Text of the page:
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Lions Roar : July 2017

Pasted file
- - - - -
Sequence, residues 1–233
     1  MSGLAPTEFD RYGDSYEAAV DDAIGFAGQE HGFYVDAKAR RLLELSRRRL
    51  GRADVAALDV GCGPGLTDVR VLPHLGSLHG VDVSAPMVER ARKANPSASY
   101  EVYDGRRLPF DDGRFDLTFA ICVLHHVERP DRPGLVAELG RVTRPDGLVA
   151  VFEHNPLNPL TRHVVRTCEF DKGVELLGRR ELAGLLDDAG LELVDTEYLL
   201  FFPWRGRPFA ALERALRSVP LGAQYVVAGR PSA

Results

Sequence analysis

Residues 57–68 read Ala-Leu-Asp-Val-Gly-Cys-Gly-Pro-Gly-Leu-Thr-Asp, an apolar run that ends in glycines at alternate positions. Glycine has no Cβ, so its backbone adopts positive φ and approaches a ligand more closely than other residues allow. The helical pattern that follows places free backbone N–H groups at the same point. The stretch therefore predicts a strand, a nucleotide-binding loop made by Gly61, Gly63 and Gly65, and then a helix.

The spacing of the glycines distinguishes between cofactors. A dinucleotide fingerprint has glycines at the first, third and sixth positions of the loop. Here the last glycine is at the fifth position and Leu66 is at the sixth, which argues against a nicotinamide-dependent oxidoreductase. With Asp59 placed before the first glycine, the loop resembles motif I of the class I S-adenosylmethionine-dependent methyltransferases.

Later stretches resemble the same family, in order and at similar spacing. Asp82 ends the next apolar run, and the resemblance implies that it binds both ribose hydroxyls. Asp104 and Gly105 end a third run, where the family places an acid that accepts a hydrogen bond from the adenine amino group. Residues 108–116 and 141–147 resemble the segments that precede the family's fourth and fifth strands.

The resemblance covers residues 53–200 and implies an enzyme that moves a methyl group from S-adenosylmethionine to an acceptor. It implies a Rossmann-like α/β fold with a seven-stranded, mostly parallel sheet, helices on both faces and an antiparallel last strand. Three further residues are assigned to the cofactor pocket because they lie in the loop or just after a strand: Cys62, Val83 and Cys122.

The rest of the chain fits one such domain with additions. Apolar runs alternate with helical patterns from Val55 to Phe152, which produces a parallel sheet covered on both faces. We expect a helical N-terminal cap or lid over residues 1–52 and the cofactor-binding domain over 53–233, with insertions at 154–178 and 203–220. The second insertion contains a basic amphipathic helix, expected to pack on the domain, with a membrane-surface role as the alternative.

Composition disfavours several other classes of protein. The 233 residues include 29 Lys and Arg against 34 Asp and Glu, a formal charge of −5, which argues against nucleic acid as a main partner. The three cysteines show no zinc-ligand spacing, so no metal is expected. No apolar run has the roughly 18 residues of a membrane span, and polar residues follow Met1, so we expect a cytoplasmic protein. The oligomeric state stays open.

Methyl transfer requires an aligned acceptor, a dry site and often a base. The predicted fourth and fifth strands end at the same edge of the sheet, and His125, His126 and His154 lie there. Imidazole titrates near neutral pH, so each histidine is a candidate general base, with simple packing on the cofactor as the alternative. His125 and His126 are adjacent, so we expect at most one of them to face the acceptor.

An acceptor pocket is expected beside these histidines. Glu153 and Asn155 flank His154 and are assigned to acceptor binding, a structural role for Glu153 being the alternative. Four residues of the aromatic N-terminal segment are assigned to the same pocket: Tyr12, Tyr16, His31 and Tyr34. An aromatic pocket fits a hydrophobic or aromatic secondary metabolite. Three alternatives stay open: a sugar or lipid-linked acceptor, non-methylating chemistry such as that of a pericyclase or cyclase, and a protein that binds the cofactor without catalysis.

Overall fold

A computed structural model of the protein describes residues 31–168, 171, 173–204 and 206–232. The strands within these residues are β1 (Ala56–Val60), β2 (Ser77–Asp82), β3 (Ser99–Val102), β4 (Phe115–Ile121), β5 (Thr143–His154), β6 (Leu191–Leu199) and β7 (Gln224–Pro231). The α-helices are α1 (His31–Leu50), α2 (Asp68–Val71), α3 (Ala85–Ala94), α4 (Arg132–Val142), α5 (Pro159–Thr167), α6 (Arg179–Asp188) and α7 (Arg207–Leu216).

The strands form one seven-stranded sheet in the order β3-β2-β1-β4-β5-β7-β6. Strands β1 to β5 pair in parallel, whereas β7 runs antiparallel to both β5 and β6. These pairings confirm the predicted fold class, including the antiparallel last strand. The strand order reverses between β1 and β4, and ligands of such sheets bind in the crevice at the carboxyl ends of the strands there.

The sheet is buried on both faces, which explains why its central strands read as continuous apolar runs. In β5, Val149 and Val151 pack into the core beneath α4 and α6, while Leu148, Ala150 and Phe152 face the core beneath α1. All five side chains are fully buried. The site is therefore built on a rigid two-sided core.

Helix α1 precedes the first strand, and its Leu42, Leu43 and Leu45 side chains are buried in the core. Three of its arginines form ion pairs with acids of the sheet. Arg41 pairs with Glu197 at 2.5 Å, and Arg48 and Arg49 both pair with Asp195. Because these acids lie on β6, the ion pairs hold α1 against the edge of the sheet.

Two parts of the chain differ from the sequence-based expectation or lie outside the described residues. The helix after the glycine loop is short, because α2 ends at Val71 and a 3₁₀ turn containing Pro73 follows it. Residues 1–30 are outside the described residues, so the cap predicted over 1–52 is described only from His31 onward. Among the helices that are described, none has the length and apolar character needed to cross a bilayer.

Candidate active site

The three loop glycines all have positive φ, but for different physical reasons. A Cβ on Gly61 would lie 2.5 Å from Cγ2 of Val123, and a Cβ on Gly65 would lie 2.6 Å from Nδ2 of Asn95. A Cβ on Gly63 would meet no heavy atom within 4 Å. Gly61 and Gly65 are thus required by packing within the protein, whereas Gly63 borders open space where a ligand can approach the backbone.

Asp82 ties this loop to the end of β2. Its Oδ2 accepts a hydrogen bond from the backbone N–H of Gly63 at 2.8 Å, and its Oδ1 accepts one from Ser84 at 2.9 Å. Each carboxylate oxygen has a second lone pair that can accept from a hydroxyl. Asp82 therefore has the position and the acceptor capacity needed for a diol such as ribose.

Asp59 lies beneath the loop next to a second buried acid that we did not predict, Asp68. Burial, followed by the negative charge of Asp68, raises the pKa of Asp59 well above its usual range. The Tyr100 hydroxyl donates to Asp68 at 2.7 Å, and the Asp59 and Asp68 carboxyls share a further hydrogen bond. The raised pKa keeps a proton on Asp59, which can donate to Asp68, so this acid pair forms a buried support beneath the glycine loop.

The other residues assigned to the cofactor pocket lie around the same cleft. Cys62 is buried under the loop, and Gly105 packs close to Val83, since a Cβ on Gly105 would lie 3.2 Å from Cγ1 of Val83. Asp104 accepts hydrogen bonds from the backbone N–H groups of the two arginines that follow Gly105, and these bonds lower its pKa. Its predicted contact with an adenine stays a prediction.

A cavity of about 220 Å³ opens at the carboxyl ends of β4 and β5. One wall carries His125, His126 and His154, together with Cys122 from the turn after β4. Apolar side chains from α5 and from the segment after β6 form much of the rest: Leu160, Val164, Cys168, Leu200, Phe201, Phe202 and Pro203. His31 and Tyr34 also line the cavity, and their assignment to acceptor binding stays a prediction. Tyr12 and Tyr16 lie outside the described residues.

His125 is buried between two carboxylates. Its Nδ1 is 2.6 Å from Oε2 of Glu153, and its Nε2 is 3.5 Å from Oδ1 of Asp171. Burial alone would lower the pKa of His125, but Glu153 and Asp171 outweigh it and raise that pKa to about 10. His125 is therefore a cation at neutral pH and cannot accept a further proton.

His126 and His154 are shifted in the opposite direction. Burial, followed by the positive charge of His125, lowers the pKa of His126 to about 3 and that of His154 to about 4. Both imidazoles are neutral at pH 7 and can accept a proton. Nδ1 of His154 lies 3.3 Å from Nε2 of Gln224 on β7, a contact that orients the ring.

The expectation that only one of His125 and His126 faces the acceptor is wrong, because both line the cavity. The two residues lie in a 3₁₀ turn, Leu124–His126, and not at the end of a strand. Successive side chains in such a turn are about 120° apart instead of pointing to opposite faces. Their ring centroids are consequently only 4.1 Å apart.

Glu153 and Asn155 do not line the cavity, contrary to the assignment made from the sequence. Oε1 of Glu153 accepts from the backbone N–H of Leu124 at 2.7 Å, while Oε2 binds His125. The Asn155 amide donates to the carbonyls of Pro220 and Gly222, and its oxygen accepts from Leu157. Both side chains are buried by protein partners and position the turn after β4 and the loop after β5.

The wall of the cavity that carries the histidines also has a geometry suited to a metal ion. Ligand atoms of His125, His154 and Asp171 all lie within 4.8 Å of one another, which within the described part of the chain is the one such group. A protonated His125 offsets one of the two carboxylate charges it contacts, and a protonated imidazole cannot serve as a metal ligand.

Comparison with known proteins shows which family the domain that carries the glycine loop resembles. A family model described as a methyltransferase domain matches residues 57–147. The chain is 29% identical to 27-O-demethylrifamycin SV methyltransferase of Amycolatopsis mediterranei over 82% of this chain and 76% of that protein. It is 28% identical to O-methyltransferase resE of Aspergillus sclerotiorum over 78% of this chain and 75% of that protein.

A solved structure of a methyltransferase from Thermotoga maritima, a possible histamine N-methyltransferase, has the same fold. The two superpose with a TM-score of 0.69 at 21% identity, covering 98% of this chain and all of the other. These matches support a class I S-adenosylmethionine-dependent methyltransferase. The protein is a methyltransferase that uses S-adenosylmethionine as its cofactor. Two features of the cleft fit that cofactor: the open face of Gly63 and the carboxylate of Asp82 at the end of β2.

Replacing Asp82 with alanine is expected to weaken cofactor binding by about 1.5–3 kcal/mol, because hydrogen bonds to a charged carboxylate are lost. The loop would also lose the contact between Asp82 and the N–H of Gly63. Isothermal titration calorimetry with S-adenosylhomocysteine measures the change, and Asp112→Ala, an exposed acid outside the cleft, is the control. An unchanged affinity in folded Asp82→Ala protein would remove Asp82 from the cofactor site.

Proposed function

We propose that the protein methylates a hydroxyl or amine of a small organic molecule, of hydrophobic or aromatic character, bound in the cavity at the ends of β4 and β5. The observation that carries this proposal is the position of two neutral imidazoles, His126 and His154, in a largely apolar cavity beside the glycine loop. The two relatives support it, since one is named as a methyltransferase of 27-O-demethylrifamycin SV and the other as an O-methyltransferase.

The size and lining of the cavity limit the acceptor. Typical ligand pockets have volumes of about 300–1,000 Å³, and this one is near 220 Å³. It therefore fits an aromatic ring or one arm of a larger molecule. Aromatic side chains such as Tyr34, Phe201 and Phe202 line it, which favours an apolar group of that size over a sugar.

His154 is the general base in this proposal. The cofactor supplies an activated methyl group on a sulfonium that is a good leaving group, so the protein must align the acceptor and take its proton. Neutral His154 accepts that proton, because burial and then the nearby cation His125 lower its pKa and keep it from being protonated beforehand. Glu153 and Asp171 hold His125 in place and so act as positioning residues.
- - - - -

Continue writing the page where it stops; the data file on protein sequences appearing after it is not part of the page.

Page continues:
rely on physical proximity as much as they have in the past. How can Buddhists use social media to create sangha? We often focus on the negatives of technology—that it can create lots of distraction and even isolation. Those are important risks that I worry about. But there’s real potential to bring people together and to foster connection. I’m a member of two temples here— Jikoji Temple and San Francisco Zen Center—and both of them have online components. Both of them post on social media. That helps members of the sangha maintain a connection. We all have busy lives and maybe can’t get to our centers as often as we’d like. It deepens the community to be able to read about what’s happening at the center this weekend, or to be able to livestream a dharma talk. And there are people who have never even been to the San Francisco Zen Center, but are part of the commu- nity because of social media. For them, it’s their whole connection to the community. How much should we worry about technol- ogy mediating or substituting for real-world experiences? Digital technology can be so easy that it becomes a distraction from other things in our lives. In distracting us from other things, it can cause us to lose the sense of connection we have to people in the physical world. But that’s true of all technology. When printed books and newspapers and radio and television all first appeared, people had the same concerns. Those concerns had some validity: why would you need to venture out if you have a newspaper and television programming arriving at your house effortlessly? But society didn’t collapse as a result of those technolo- gies—I think it became richer. We have the same risks and the same concerns about the internet, but I think we can manage them. Do you have a vision for the future of social media? I don’t know that I do. I really value the old and the new. I work at Facebook, which is trying to develop new technolo- gies for bringing people together, and I believe in the work that we do. I also study the dharma—a 2600-year-old set of teachings—and try to understand how it can also help us feel more connected. To me, the future is always a balance between embracing new ways of addressing the human condition and still remember- ing old, timeless wisdom. The fundamental truths of our existence don’t really change as a result of technology. It’s important to remember that. There isn’t a panacea to be found in the next app, but that doesn’t mean technology isn’t useful. It has made the world a better place in countless ways. It all comes back to the middle way. ♦ Cloud Dragon The Joan Sutherland Dharma Works Explore the undomesticated dharma of Joan Sutherland, Roshi, a zen woman with a vision of awakening as enlightenment and endarkenment, suffused by a love of this yearning world. Literate in the original languages of the koans and having kept company with them for decades, she brings ancestral tradition to our contemporary lives in a deep and intimate way. We’re happy to announce that, with her retirement, her teachings are available to everyone through our website. Cloud Dragon subscribers receive monthly audio talks, videos, and a timely message from Joan. Donations to support this work are greatly appreciated. To subscribe, please visit Subscriptions at JoanSutherlandDharmaWorks.org Let’s have tea. Let’s have galaxies, let’s have earthworms, let’s have sorrow and tenderness, and let us pour and receive the bottomless mercy that life has for us in our foolishness, our failures, and our most secret longings. In return, let us forgive the world for being the world, let us allow all things to be forgiven, to be blessed, just for a moment, just for the duration of a cup of tea. PHOTO:JENNIFERESPERANZA LION’S ROAR | JULY 2017 17